Christmas 2020 is certainly a difficult one and my usual plan of visiting parents was off.
Still, there was little point in sitting around being miserable about this. Therefore, Gary and I decided that a Christmas caving trip should be on the cards to cheer us up and initially a trip with just the two of us to Ireby Fell was planned.
However, as the Christmas restrictions developed, Fleur, Pete and Tash all had their plans similarly dashed and we ended up with a team of five.
Although the original plan was Ireby Fell, with uncertain water levels in the Dales and some recent hydrological changes there, we changed plan to Marble Steps. When I was a student, we would go to Marble Steps at least a couple times a year. However, it seems to have fallen out of favour with lots of clubs now. The last few student clubs I’ve spoken to haven’t even heard of it! This is a shame, as it’s a magnificent pothole, and one which I was extremely happy to revisit.
November and December have been a poor few month for the weather, with very few bright and sunny days, but Christmas day turned out to be the exception. We drove up to the Dales on a crisp and bright Christmas morning and arrived at a beautiful Masongill with great views, and a dry day forecasted (useful as Marble Steps isn’t a place to be in heavy rain).
Tash, Fleur and Pete arrived, and we set off up towards Marble Steps. Any residual concerns about the water levels were quickly alleviated, as the ground was frozen and fairly dry. At the entrance, barely a trickle of water was present at the upper entrance.
Deciding who was going to rig (by Tash Durham):
The entrance to Marble Steps really is fantastic – A huge crater strewn with vegetation and icicles, leading down towards the ominous mouth of the pothole. There are two routes down, and we had chosen to take Sidewinder, which is a far more varied and interesting route.
Looking up from the bottom of the entrance gully (by Fleur Loveridge):
Looking out from the start of Sidewinder route (by Gary Douthwaite):
After the handline descent of the shakehole, an exposed traverse took us around the open pothole and up into a passage beyond. Once barely out of daylight we reached a short abseil at the point the upper entrance joins. We abseiled this but it is a quite simple climb. We could have shaved 15m off the rope length and terminated the rigging just out of daylight. Still, that extra 15m of rope carried up the hill equates to an extra chocolate later, right?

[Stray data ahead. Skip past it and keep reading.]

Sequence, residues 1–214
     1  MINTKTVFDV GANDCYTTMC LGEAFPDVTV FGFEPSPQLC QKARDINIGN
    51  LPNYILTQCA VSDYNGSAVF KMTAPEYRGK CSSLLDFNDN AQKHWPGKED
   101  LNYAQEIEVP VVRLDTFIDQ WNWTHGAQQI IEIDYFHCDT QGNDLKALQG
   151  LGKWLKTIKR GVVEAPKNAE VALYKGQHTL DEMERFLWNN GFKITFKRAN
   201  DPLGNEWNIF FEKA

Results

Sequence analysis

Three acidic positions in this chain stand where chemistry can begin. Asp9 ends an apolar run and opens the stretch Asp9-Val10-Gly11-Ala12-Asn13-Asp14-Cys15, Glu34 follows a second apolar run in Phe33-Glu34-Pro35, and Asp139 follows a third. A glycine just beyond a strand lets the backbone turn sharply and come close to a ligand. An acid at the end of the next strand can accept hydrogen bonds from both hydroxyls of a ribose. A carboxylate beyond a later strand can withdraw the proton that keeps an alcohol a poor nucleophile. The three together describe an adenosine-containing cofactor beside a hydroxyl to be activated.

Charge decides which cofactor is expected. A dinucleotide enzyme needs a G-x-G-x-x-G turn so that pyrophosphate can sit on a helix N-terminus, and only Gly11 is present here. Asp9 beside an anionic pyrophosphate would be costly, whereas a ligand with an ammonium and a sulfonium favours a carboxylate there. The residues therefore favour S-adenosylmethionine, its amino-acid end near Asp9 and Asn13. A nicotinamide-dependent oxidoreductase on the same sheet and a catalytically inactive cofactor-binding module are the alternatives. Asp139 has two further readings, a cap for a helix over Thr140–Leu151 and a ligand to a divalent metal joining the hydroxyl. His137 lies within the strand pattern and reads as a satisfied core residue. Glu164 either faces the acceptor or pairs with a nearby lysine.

A short distance onward we reached the big pitch, where a Y-hang takeoff high up in the passage dropped us through the vadose trench and into a large chamber; rather fine indeed! I hung there for a few moments, skimming my light around the cavern below, to recall why potholing is so bloody fantastic. A rebelay only 4m down gave a clearer hang for a 15m descent to a large buttress of rock, where Gary had swung across and continued the rigging at the far side.
Beyond the buttress of rock, we were able to descend straight to the floor via two deviations. There seemed no need for any further rebelay as suggested by the topo. Our direct route much be exactly where the main waterfall would be in wetter conditions, as we encountered the best part of a tree trunk perched across the passage at the bottom of the pitch.
Maybe 13-14 years ago, I recall a trip to Marble Steps with Gary as part of a YUCPC event, where we had taken the Gully route in the mistaken belief that it was weatherproof. Some heavy rain while we were underground turned the entire Main Chamber into a thundering place, and the exit prussik was almost impassable. Gary had to go up first under a thundering waterfall to reposition a few of the deviations to make it safer. Today however, things were somewhat quieter; almost silent!
The Lower Main Chamber (by Gary Douthwaite):
Onwards from there, a short traverse around a chamber dropped into a fine passage (the 240-foot rift) leading to Stink Pot. This was a little narrow at the top but soon opened out and we were then presented with our choice of two routes on, the Intestines or the Ninety. We had packed for the much more pleasant ‘Ninety’ route which involves a traverse over the downward continuation of Stink Pot below the initial pitch, quickly reaching the head of The Ninety pitch. The take-off here is simple enough but Fleur correctly identified that this would be a pain to get off on the upward journey. A long sling attached to the traverse line was left to serve as a foothold for later.
The Ninety proved to be another stunning pitch, a straight hang of 28m in a perfect shaft. It was a little drippy, a few small inlets having joined our route at this point, and not the kind of place I would want to be under wetter conditions.
From the bottom of The Ninety, a further short pitch followed, and a final drop down a drippy chute to the bottom of the cave (on the way back, we found a drier climbable route from further along the Lower Streamway, thus another 15m of rope could have been saved... another chocolate).
The one problem with Marble Steps is how disappointing the Lower Streamway is, with no spacious master cave or admirable sumps... merely a pathetic upstream and downstream sump separated by a minute or two of crawling, a real shame.
With our wraps and chocolate consumed in the confines of the Lower Streamway, we made a quick turnaround. The outward journey was efficient, stopping for a few group photos at the lower Main Chamber. Fleur and Pete departed with a bag, agreeing to see them back at the cars, while Gary, Tash and I derigged the upper half of the cave.
We were out in daylight to stunning views across to Morecambe Bay, and soon enjoying some home-made Christmas cake brought by Tash.
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